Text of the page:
The Open Space Strategy identifies, through an independently-led audit, all the green spaces in the district, whether they are publicly owned or privately.
The council said that when assessing the amount and quality of open space there was no set national standard methodology, meaning local authorities carried out their open space strategies in slightly different ways.
It said, therefore, fully understanding what type of land sits within the six categories was open to interpretation, meaning it can be difficult to compare one set of data to another.
Outdoor sports pitches are not included in the strategy, and are contained in a separate Playing Pitch and Facilities Strategy.
This is also under review following updated guidance from Sport England, with public consultation to follow.
District council leader David Lloyd said, “Open spaces are important to us all. The latest ONS information showed that every resident in the Newark and Sherwood district live within a 15-minute walk of good, quality open space. This is important and we must protect this for our future generations and this independent audit will allow us to ensure that we maintain the right amount and quality of open space in our district now and in the future.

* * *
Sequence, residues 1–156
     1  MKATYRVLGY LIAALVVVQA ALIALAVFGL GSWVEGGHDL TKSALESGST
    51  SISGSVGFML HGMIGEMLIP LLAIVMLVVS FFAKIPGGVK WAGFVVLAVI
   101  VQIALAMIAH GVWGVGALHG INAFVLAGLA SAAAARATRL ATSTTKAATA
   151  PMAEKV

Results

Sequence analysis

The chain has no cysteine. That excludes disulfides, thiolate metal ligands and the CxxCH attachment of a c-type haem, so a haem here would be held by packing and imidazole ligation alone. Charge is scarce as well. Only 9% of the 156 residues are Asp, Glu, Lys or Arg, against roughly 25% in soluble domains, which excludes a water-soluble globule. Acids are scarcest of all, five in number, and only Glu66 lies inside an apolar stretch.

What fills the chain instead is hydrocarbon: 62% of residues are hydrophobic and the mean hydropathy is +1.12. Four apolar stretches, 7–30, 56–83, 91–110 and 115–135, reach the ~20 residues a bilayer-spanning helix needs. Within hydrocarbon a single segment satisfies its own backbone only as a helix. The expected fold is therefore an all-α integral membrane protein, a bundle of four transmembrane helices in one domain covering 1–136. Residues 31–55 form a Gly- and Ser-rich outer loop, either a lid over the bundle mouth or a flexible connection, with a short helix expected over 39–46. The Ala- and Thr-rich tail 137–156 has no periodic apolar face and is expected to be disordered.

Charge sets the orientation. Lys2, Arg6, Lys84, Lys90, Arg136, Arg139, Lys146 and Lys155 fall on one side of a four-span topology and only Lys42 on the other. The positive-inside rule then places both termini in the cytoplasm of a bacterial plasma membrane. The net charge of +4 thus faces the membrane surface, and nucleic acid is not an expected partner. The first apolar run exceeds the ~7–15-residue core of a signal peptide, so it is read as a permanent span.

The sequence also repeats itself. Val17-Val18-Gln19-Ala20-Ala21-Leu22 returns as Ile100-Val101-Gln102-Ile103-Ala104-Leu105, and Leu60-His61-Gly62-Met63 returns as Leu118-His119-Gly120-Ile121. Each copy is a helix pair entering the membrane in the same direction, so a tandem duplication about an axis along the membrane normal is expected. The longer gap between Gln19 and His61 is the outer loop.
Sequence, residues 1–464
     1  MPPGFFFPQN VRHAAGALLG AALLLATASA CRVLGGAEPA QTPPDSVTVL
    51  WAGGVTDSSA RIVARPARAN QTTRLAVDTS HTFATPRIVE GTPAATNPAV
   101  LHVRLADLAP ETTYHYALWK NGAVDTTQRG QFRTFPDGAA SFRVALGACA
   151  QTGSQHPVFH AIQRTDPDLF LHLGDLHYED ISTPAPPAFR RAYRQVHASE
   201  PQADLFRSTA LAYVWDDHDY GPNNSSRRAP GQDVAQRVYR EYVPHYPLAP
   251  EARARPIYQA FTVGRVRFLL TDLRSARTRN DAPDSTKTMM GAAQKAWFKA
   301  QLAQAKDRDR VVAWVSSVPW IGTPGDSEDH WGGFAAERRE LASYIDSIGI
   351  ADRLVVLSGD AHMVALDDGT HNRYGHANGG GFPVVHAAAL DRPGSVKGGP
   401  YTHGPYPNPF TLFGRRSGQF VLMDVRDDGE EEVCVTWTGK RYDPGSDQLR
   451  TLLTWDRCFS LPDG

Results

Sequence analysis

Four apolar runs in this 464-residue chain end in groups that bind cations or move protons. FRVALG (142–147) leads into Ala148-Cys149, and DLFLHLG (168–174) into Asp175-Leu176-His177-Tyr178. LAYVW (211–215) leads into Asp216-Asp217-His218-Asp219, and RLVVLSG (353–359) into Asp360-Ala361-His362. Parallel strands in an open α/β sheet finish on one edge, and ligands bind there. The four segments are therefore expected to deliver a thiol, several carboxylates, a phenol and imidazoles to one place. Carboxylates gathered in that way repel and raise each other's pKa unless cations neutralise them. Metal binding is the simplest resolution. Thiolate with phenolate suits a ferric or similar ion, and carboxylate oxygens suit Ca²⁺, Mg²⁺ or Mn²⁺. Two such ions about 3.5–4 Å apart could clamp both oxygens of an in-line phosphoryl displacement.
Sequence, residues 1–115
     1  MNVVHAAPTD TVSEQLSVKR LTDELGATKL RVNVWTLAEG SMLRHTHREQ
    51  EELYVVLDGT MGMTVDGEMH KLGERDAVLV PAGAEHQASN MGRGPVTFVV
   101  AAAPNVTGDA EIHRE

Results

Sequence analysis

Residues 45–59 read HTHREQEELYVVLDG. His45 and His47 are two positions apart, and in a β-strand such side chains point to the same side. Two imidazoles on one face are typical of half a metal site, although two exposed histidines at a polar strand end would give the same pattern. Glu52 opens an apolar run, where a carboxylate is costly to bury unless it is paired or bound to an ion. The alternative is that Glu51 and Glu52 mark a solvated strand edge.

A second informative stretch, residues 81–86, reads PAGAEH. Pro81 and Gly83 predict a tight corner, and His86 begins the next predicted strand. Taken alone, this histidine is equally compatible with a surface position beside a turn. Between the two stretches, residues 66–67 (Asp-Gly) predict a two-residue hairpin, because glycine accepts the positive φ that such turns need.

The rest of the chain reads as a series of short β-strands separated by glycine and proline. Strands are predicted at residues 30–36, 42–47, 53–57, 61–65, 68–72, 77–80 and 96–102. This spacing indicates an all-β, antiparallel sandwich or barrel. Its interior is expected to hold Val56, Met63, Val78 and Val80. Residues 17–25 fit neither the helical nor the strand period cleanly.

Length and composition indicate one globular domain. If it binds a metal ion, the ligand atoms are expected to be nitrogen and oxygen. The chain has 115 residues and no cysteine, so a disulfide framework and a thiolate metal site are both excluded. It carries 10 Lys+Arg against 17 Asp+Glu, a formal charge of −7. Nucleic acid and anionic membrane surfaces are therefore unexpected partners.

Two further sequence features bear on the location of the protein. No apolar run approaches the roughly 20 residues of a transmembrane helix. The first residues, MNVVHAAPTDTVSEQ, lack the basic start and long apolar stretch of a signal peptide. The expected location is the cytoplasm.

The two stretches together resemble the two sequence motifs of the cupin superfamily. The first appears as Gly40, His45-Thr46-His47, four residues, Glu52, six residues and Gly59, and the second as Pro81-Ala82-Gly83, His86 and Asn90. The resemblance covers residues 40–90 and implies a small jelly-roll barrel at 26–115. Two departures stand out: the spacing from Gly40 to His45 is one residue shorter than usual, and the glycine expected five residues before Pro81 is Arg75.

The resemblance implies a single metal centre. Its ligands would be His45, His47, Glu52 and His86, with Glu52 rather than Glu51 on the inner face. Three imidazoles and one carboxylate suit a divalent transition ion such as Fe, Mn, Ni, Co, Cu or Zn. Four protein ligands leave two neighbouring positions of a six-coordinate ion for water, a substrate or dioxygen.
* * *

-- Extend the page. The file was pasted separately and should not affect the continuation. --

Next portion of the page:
“While using the Fields In Trust benchmark is a good starting point for auditing what open spaces we have in the district, we have set a more aspirational target. I talk regularly to residents about our open spaces and understand just how important this is.”
The strategy not only breaks the audit down into different types of land but it also breaks it down to specific areas so those residents who are keen to see how Blidworth, Ollerton, Newark or Southwell perform on their own are able to do that.
“When we look at specific areas there will be surpluses in some types of space and deficits in others. You can’t compare an area in the outer Hebrides with a borough in London, nor can you compare an area of Sherwood Forest with an urban area such as Newark.